It is a damning indictment of our democracy that we are incapable of introducing a greater measure of fairness into our political system.  In my view the best suggestion so far is that put forward by Professor Stein Ringen*.  In the meantime we should never let it be forgotten that the major abuser of and benefactor from the present inadequately regulated system is the Conservative Party.

*  Briefly, individual, corporate and union contributions are strictly limited.  Parliament decides on the additional total amount needed annually to service our democracy.  Say it is £60 million with 30 million electors.  Each elector is issued annual with a voucher for £2.  Party stalwarts will promptly send it to their favoured party and the Treasury will hand over the cash.  The "plague on all your houses" brigade will promptly burn it.  Dedicated party workers will canvas all households in the hope of persuading them to hand their vouchers over to them for the benefit for their party. 

This has the advantage of providing fairly distributed state funding but at the same time forcing the parties to keep in touch with the electorate,  whereas the alternative of direct state funding enables the party headquarters  to ignore both their members and the electorate and continue to thrive in their own little bubble.  This system was described by Professor Ringen in "Liberal Democrat News" some years ago, but I do not have the reference.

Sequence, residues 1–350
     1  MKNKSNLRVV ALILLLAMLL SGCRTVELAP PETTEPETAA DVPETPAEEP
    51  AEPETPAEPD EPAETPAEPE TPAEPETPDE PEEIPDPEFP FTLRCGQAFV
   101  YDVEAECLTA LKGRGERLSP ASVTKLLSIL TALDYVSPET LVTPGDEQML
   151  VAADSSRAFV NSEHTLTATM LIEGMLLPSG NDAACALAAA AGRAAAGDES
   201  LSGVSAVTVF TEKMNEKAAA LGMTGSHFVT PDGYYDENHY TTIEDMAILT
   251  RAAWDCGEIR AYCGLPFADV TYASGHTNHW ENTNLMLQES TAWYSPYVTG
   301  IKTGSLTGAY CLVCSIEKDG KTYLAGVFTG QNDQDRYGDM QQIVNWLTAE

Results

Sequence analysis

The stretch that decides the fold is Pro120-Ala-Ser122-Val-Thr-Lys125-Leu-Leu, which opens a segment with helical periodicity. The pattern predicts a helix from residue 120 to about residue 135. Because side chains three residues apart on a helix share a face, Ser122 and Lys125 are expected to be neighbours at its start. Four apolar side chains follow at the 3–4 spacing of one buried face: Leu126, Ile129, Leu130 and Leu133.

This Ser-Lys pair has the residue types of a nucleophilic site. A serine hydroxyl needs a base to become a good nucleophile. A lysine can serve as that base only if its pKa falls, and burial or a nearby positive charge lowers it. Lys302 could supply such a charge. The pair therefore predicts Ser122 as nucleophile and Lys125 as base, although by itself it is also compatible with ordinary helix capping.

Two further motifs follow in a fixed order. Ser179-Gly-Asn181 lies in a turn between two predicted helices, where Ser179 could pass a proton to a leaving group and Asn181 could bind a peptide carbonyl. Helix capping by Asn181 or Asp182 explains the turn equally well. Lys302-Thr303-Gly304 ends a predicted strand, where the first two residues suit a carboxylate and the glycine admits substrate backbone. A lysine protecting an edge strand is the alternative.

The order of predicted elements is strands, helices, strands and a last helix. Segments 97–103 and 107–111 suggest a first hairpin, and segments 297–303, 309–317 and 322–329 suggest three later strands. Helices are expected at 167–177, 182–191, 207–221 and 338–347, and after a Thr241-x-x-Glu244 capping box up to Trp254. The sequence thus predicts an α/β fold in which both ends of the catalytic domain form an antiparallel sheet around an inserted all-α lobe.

Monday, 8 July 2013

Belief beggared again.

"It beggars belief" has, I'm sure, become overworked among my lexicon of phrases to express exasperation at the imbecilities of our political leaders, but what else is there to say?

Here's the latest example. One of the few areas in which Britain retains an international comparative trading advantage is higher education.  So instead of capitalising on this our government has made it harder and harder for overseas students to obtain visas, left some of them high and dry without viable courses, and is now talking about demanding bonds of £3 000 in case they make use of our medical or welfare services.

So, surprise surprise, the number of overseas applications to our universities has fallen and a nice little earner has been hit on the head.

Now the government has realised the damage it has done and Mr Cameron is reported to have written a letter suggesting we try to "repair the damage done by the government's student visa restrictions" by encouraging academies and free schools to recruit overseas pupils  as part of a "new education export strategy."

Once upon a time our civil service was regarded as being of Rolls Royce quality, with some of the finest brains in the country at its head.  And many of our current leading politicians have first class qualifications from our poshest universities.

So what is going wrong?  How is it that this well oiled political structure which we like to claim is "the best in the world and the envy of the world" is incapable of anticipating the most obvious adverse consequences of its  policies.